Area Lawmakers Join Public Debate
Washington Post Staff Writer
Friday, December 18, 1998; Page A52
Propelled by twin crises of military strikes on Iraq and a looming impeachment vote, area members of Congress ended weeks of silence yesterday and began speaking out in an escalating debate over President Clinton's fate.
The region's lawmakers -- led by John W. Warner (R-Va.), the incoming chairman of the Senate Armed Services Committee, and panel member Charles S. Robb (D-Va.) -- voiced strong, unanimous support for U.S. troops in the Persian Gulf.
Warner emerged from a White House briefing and set a bipartisan tone: "My first concern is for the men and women who are involved in this strike."
At the same time, area Democrats and Republicans joined their colleagues in searching for public support for their impeachment stances -- ratcheting up the rhetoric before the House begins its historic floor debate this morning.
Reps. Frank R. Wolf and Thomas M. Davis III, both Republicans from Northern Virginia, gave their first interviews since announcing they would vote to impeach Clinton. They accused the president of violating the law and flouting the Constitution in his federal grand jury and civil court accounts of his relationship with Monica S. Lewinsky.
"We have impeached two judges on perjury, and the grounds for impeachment in the Constitution are the same for judges and the president," Davis said on WUSA-TV (Channel 9). "There is not a lower standard for the president."
Wolf, who previously had called for Clinton's resignation because of his sexual involvement with the former White House intern, said: "It's a question of the rule of law. No man is above the law, and clearly the president did not tell the truth."
But as Republican House members defended their votes, Rep. Albert R. Wynn (D-Md.) uncorked some of the sharpest criticism yet of the GOP by an area member.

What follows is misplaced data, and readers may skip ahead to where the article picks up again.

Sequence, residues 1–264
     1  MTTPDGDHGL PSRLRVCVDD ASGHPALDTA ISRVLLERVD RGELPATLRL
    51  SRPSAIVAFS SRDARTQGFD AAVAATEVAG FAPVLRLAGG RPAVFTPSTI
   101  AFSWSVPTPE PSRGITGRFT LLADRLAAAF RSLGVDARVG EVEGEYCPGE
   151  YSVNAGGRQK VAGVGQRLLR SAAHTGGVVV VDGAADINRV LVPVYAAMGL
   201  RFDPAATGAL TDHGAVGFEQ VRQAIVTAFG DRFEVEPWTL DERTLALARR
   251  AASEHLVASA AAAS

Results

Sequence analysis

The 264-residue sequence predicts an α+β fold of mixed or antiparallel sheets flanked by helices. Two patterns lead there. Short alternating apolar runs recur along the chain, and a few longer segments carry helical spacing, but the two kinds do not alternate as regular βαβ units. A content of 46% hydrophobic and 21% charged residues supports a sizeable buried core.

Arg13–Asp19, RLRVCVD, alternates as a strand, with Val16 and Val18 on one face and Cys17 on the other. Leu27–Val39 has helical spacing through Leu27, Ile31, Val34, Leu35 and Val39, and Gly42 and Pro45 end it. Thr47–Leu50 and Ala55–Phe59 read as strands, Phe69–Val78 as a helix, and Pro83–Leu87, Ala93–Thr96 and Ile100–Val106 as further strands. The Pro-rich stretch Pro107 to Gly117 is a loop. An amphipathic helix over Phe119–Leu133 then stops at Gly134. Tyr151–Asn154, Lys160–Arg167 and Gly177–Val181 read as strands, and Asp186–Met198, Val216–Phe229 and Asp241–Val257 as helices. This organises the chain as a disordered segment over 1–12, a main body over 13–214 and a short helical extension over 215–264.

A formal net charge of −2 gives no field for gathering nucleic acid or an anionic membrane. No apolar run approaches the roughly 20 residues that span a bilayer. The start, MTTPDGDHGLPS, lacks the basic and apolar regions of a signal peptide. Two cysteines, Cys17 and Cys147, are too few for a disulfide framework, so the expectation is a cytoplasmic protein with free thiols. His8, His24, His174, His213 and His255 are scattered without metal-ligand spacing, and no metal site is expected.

"They hate [Clinton]," Wynn said, speaking at a Capitol rally called to rouse labor, feminist and civil rights groups to the president's defense. "They hate him on choice. They hate him on inclusiveness. They hate him on diversity. . . . This is an assault not just on Bill Clinton; this is an assault on us."
At the same rally, Del. Eleanor Holmes Norton (D-D.C.) invoked the District's long pursuit of equal representation in Congress, saying she will introduce a House resolution today seeking to be allowed to vote on the impeachment articles.
While local House members jousted over impeachment, lawmakers carefully drew a line on Iraq. Warner and Robb joined Maryland's Democratic Sens. Barbara A. Mikulski and Paul S. Sarbanes in supporting the U.S. strikes on Iraq.
Warner gently chided Senate Majority Leader Trent Lott (R-Miss.), who on Wednesday questioned the timing of the strikes on the eve of a House impeachment debate.
His focus, Warner said, would remain on achieving "real progress" in weakening Iraqi leader Saddam Hussein.
Robb said "stress and strain" in the House had caused "partisan fissures" in the Senate. "The mood in Congress is fractious," he said, adding that he hopes the rancor will cool.
As she has throughout the growing crisis, Rep. Constance A. Morella (R-Md.), one of the last handful of moderate Republicans undeclared on the impeachment vote, remained silent.
But her husband, Anthony Morella, acknowledged having conversations with friends in which he shared the couple's seesaw views on the issue. "It is a very agonizing thing," he said.
A senior professor of law at American University, Anthony Morella once represented U.S. District Judge John Sirica in his battle to subpoena President Richard M. Nixon's White House tapes during the Watergate scandal.
In 1995, while university counsel, Morella nominated Independent Counsel Kenneth W. Starr to the American University board of trustees. The current crisis is more troubling than Watergate, he said, because of its complexity.
"This one is deeper," Morella said. "It is almost surreal to me what is happening."
© Copyright The Washington Post Company